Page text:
A traditional family residence near the oil production site in the Kingﬁsher development area. Photo: Just Finance International (2023).
Early this year Uganda’s President Yoweri Museveni oﬃcially launched the oil drilling activities at the Kingfisher Development Area. This was celebrated as an important milestone in Uganda’s multibillion-dollar pipeline and oil drilling project. But in the villages located next to the oil wells, nobody is praising drilling.
In front of Uganda’s Lake Albert, a newly paved road wriggles down a steep mountainside. From halfway down the hill, the strong haze of the sun makes it difficult to determine where the shore ends and the lake begins. What is distinguishable is a settlement comprising hundreds of small traditional houses, one tall oil rig, and a large blue-roofed compound at the settlement’s center.
Massive changes appeared in Kyakapere in 2008. Within this small traditional fishing community, houses were rapidly demolished, land ownership changed hands and workers arrived from China and other regions in Uganda. In another two years, this small fishing community, with its original 6000 inhabitants, will concede more land to hundreds of additional workers from abroad. In addition, it will concede four well pads, 20 production wells, and 11 water injection wells.
The Kingfisher project area is operated by China’s parastatal oil company, China National Offshore Oil Corporation (CNOOC). Compared to French TotalEnergies, its partner in the East African Crude Oil Pipeline project (EACOP), CNOOC has kept a low profile and largely avoided media contacts.
Until recently, the mountain road leading to the Kingfisher area prohibited visitors except those working or living there. Therefore, civil society organizations or independent media have reported virtually nothing about the Kingfisher project conditions.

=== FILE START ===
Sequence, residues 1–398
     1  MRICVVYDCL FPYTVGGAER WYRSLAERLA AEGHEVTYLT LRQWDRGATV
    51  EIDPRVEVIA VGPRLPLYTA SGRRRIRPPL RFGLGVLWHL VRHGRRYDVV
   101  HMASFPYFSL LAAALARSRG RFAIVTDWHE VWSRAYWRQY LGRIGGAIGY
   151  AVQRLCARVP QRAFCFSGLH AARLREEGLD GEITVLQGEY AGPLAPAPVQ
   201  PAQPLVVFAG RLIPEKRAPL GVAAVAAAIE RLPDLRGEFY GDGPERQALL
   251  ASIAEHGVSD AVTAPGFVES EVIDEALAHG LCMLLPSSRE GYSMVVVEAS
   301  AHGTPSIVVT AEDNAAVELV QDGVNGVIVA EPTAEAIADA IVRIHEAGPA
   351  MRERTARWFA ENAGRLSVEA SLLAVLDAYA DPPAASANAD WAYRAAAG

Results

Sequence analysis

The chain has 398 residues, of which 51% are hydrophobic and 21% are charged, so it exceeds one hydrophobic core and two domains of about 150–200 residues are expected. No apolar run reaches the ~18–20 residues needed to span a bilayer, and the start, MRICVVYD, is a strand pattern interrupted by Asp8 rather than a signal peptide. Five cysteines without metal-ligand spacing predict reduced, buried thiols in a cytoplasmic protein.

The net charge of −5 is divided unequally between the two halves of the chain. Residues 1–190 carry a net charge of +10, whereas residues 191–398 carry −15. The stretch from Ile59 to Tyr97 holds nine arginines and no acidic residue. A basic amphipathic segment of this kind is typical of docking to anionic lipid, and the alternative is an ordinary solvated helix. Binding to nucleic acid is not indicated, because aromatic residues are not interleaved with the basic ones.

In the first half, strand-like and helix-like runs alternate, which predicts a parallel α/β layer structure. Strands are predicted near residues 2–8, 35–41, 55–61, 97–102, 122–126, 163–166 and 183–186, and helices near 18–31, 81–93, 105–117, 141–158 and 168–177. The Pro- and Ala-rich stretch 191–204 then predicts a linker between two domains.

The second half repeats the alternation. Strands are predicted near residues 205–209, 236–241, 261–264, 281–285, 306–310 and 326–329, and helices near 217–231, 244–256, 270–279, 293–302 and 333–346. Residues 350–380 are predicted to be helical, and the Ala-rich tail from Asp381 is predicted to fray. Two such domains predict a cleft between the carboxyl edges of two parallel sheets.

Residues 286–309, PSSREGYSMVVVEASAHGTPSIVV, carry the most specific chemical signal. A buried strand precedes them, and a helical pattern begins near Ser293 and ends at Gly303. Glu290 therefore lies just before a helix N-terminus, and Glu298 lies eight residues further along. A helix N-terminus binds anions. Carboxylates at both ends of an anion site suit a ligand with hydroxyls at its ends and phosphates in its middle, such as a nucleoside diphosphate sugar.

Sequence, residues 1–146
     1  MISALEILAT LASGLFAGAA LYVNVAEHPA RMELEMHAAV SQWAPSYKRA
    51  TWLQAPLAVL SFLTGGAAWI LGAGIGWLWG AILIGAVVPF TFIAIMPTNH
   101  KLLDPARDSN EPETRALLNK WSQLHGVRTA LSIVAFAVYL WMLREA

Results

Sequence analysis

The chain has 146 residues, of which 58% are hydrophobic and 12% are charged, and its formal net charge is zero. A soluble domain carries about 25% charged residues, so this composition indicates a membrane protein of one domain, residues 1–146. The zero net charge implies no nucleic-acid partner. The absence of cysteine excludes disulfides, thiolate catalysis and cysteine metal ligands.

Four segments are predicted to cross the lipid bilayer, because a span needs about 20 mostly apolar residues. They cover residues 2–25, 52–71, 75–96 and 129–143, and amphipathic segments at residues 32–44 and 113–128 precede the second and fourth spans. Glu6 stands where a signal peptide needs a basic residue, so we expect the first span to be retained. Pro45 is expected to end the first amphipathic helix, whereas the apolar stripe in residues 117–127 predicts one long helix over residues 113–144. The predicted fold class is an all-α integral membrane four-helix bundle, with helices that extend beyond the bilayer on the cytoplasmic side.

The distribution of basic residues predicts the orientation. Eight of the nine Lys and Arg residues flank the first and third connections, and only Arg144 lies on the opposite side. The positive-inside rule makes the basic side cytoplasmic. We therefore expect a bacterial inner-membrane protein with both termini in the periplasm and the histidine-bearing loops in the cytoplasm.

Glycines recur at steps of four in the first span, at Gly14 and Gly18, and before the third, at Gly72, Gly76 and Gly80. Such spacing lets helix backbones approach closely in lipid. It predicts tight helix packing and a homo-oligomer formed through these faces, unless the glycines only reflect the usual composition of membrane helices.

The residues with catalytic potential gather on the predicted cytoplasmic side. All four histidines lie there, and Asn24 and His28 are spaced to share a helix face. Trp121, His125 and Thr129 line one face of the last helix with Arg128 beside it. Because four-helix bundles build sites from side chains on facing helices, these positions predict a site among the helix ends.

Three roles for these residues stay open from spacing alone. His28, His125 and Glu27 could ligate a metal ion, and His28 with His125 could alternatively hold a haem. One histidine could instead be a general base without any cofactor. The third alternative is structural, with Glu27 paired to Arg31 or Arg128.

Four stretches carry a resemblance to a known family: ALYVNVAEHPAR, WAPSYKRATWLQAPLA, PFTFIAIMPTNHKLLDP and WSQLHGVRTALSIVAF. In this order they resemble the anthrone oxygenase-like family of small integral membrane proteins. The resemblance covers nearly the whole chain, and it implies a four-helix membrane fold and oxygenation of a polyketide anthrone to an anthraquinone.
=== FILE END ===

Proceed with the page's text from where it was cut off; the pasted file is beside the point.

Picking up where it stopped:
When Just Finance International (JFI) arrived at the site in February 2023 the roadblock at the top of the mountain was unmanned and all cars could pass. During the visit, JFI members met with around 100 project-affected people from two different locations.
The JFI team moved around within the community and came close to oil operation activities. The oil operations were located surprisingly close to the fishing community’s residential areas—sometimes just a few meters apart. In some places, stray cattle prodded around the construction site.
Before CNOOC’s oil operations began, Kyakapere village had no land titles. Villagers paid no heed to who owned the land they all collectively used. Generations passed without major disputes, an arrangement recognized in Uganda’s constitution.
The villagers began to hear about plans for oil extraction in 2008. Negotiations between the village and CNOOC were led by a small delegation of elders, which later resulted in many mismanagement complaints. Instead of creating one land title for each family, CNOOC transposed the whole scattered village onto one big land title.